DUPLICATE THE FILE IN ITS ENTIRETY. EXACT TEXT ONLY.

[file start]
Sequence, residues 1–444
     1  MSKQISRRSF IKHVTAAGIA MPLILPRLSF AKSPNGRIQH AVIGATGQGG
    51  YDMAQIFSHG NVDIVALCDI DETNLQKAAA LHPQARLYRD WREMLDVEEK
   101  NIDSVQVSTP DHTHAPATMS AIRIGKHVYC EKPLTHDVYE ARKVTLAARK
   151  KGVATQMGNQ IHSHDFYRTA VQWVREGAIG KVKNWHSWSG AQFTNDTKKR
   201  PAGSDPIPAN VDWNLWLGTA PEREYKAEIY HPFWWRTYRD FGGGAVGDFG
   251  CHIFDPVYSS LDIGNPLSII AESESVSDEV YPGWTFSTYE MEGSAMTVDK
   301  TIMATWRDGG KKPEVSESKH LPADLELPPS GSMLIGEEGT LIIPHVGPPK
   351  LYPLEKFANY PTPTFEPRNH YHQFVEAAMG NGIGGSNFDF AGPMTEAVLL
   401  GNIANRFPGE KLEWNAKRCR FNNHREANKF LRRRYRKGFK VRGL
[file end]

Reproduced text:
Sequence, residues 1–444
     1  MSKQISRRSF IKHVTAAGIA MPLILPRLSF AKSPNGRIQH AVIGATGQGG
    51  YDMAQIFSHG NVDIVALCDI DETNLQKAAA LHPQARLYRD WREMLDVEEK
   101  NIDSVQVSTP DHTHAPATMS AIRIGKHVYC EKPLTHDVYE ARKVTLAARK
   151  KGVATQMGNQ IHSHDFYRTA VQWVREGAIG KVKNWHSWSG AQFTNDTKKR
   201  PAGSDPIPAN VDWNLWLGTA PEREYKAEIY HPFWWRTYRD FGGGAVGDFG
   251  CHIFDPVYSS LDIGNPLSII AESESVSDEV YPGWTFSTYE MEGSAMTVDK
   301  TIMATWRDGG KKPEVSESKH LPADLELPPS GSMLIGEEGT LIIPHVGPPK
   351  LYPLEKFANY PTPTFEPRNH YHQFVEAAMG NGIGGSNFDF AGPMTEAVLL
   401  GNIANRFPGE KLEWNAKRCR FNNHREANKF LRRRYRKGFK VRGL